Just as a little spin, properly placed, can alter the course of a political campaign, so too does it affect the path of the ball in so many sports. In tennis, spin allows players to hit harder and still keep the ball in the court. Until recently, though, the only way to study spin was with a stationary racket and balls fired at it from different angles. So, the engineers at Wilson tennis turned to the technology found in Doppler radar-based missile-tracking, the same technology equipment the company’s golf department was already using.
“The golf guys had this technology for measuring the flight path and spin of a golf ball,” John Lyons, global product director for Wilson Racquet Sports, tells Edge. “They said, Let’s figure out how to use this.” The system was eventually rebuilt for tennis and became the “world’s only live-tracking system that can measure the flight, speed, rotation [and] height over the net, measuring it in real time.”
All that data—using the same stroke with different racket variations—pushed Wilson to create its Spin Effect line, which added carbon fiber to the racket and offered a new string bed pattern yielding more than 200 additional RPMs for a ball, 69 percent faster string snapback and the ability for a ball to clear the net with an additional two inches, all while dropping into the court 12 inches sooner, the company claims.
“The spin is letting you make the ball drop in,” Lyons says. “In the last two or three feet of the ball path, it drops more. The angle starts higher and drops down at the end.”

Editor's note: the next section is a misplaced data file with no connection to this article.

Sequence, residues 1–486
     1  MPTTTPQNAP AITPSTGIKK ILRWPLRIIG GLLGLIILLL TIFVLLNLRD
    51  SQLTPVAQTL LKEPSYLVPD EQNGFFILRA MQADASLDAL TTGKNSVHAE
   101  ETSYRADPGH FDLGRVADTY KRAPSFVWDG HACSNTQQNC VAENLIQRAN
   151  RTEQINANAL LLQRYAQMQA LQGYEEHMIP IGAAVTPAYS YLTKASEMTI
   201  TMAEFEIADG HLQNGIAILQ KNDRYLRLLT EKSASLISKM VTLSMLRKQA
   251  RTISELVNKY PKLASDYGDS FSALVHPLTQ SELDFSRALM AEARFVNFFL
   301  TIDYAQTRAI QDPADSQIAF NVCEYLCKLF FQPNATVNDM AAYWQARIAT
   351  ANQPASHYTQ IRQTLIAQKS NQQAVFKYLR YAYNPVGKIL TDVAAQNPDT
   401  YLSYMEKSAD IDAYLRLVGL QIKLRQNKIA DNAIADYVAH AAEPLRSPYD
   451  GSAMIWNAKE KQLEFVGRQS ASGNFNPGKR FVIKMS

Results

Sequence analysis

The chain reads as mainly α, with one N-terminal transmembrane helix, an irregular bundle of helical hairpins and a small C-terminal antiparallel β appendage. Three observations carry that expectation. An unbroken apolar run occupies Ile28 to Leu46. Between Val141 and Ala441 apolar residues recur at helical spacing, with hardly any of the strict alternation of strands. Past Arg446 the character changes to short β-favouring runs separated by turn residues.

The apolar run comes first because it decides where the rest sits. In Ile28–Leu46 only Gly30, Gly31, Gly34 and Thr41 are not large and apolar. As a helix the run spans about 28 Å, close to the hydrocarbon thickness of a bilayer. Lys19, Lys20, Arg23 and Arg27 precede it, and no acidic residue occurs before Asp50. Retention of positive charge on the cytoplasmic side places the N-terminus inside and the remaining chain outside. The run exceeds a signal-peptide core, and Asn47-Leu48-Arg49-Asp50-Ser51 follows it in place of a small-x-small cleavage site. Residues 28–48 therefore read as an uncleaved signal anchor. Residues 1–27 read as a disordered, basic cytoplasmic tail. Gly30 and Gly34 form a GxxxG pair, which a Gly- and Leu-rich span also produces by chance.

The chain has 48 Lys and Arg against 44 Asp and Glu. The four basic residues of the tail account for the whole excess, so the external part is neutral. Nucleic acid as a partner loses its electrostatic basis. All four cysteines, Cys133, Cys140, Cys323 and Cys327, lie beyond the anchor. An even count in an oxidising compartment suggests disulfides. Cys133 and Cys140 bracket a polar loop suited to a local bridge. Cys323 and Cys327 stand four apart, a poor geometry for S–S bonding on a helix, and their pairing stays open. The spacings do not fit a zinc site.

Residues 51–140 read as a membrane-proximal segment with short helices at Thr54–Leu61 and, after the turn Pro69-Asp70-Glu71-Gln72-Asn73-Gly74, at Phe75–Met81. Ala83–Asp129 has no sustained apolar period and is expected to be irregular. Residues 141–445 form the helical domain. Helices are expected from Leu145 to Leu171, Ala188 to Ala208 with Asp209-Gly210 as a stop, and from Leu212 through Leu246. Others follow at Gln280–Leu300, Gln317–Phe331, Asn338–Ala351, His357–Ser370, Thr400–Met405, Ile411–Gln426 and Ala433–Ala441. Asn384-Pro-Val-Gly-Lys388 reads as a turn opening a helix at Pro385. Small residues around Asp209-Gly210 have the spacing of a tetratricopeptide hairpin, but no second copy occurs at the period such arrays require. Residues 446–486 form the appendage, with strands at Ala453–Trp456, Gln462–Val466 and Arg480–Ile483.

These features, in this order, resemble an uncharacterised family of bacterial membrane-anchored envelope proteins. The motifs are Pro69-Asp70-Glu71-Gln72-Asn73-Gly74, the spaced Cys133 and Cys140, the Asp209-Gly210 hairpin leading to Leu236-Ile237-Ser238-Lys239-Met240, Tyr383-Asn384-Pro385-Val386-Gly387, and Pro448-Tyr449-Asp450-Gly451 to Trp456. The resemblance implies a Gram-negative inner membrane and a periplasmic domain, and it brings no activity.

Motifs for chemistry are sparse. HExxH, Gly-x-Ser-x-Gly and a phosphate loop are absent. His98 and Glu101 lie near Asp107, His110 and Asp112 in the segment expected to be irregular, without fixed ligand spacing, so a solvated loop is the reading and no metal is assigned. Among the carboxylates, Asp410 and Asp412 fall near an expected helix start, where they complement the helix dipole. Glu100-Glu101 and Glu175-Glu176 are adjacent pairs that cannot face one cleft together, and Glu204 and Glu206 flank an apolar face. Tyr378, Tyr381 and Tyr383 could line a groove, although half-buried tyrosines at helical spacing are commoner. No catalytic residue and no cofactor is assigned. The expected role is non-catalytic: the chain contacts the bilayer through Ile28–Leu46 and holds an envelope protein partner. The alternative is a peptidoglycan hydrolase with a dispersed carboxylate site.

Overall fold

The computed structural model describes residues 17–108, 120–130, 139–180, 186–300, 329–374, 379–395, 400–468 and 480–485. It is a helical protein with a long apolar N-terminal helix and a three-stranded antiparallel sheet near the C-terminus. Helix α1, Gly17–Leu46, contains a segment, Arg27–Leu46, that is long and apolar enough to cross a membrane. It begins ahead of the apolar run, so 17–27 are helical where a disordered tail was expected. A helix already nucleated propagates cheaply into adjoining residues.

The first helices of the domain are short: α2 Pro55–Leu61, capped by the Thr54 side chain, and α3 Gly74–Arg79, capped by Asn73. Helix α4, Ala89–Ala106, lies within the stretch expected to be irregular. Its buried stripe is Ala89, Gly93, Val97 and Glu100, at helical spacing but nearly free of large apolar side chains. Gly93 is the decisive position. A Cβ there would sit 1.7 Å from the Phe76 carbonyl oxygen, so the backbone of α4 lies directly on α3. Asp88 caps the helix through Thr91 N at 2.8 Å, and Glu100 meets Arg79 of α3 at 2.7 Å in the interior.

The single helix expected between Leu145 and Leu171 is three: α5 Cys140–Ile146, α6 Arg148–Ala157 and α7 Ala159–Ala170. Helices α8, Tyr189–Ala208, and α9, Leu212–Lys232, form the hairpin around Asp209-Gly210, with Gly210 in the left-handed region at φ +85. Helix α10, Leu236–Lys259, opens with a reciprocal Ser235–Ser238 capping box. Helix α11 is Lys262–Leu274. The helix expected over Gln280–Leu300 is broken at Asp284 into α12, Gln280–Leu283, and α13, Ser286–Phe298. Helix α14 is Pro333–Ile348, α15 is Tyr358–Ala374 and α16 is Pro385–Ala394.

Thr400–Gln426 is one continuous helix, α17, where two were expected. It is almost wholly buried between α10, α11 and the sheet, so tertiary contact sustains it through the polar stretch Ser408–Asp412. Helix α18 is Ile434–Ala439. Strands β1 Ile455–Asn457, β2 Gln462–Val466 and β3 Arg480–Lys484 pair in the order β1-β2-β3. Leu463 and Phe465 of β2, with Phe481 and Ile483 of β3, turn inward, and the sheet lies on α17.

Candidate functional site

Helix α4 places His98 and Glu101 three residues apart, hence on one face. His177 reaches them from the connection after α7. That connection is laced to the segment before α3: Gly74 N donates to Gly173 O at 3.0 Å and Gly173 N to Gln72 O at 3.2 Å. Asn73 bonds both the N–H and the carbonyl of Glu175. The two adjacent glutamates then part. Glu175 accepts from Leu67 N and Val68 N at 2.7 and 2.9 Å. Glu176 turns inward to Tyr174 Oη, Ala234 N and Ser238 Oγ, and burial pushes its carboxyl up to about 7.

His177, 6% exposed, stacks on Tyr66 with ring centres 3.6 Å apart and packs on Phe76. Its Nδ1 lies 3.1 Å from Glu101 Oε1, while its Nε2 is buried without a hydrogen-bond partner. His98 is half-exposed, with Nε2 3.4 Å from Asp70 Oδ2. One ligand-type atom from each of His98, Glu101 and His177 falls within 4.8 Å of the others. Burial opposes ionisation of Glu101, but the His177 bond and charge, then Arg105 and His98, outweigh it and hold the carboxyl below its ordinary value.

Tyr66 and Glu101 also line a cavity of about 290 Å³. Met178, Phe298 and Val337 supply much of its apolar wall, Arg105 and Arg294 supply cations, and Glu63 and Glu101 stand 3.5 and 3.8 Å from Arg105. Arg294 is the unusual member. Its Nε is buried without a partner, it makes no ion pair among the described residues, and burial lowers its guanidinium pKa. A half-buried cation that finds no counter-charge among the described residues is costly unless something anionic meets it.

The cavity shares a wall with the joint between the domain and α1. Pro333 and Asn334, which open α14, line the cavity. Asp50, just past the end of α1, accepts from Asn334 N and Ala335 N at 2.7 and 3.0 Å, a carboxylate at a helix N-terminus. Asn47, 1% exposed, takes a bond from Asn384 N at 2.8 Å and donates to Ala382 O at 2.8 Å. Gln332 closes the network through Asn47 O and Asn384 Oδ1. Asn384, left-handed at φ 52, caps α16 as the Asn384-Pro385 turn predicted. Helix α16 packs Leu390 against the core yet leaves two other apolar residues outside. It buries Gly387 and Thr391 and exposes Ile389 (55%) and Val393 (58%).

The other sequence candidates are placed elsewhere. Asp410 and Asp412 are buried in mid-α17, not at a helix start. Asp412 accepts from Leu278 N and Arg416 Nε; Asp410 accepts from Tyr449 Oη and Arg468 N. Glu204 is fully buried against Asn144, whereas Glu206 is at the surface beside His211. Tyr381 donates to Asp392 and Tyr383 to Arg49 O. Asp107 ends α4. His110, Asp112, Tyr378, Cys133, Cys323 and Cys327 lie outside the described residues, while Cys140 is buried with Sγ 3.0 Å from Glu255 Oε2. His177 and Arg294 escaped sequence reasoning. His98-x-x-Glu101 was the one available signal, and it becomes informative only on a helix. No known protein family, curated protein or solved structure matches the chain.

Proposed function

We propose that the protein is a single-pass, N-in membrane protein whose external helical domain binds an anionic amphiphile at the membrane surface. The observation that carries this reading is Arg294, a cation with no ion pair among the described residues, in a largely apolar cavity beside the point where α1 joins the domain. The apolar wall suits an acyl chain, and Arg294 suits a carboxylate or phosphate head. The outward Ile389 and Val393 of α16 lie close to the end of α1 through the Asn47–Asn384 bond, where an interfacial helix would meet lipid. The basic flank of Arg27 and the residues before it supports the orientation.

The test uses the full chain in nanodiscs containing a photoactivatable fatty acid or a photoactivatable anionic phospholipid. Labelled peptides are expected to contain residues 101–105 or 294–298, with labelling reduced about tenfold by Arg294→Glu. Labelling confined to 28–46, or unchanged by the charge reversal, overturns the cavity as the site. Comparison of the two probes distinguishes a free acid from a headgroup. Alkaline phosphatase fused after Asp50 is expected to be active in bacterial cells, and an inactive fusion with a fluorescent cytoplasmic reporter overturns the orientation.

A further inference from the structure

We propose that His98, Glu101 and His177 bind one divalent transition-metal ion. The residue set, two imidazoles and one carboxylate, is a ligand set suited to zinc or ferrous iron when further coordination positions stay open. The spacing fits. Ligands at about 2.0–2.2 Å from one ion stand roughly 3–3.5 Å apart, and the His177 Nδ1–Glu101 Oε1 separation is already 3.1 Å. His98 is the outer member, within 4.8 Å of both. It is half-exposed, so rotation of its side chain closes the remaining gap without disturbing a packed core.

Strings play a major role in spin, so increasing the time during which the ball is in contact with the string bed from four milliseconds to five offers more opportunity for the strings to move.
The crisscross pattern of the strings includes the main vertical strings—those do all the movement—and the cross strings, which are “sorta just there to support them.” Wilson tested 38 different patterns and initially thought using fewer strings was key. “What we figured out was not to reduce the main string, but we want to have more string in contact with the ball,” Lyons says. “Reducing the number of cross strings allows the main strings to move more and snap back.” The biggest sweet spot, so to say, was simply having fewer cross strings than main.
The initial Spin Effect racket, launched in 2013, had 16 mains and 15 crosses. Every other racket on the market has at least the same number, if not more, of cross strings. After Year One, Wilson stepped up the spin even more, introducing a new pattern of 18 main strings and 16 cross strings for 2014. The patterns—the 16x15 has more power and the 18x16 has more precision—allowed Wilson to introduce a Spin Effect version of all five of its lines.
Rod Cross, an Australian physicist who has specialized in tennis technology, tells Edge that “increasing the spacing between strings gives them more freedom to move sideways across the other strings.” This freedom allows the strings to snap back to where they were as the ball leaves the racket, generating more spin.
Wilson needed to reinforce the racket construction to better handle the string changes. A racket bends in multiple dimensions when the ball hits it, and to keep the ball on the strings for that extra—precious—millisecond, Wilson laid six to 10 layers of carbon fibers at different angles—the fiber wraps together and is baked to ensure a hollow middle—to change the orientation of racket movement for “optimized dwell time.”
So far, more than 15 professionals have switched over to Spin Effect, including Grigor Dimitrov and Alexander Dolgopolov, with other top players play-testing the spin versions and Lyons expecting a larger switchover to come in the offseason. On the consumer side, the spin rackets now sell better than the traditional versions.
With little negative to gaining more spin—strings will break quicker with the increased wear, is the most significant—Lyons expects to continue upping Spin Effect offerings in the future, especially now that Doppler-led data has him counting in milliseconds.
Tim Newcomb covers stadiums, design and gear for Sports Illustrated. Follow him on Twitter at @tdnewcomb.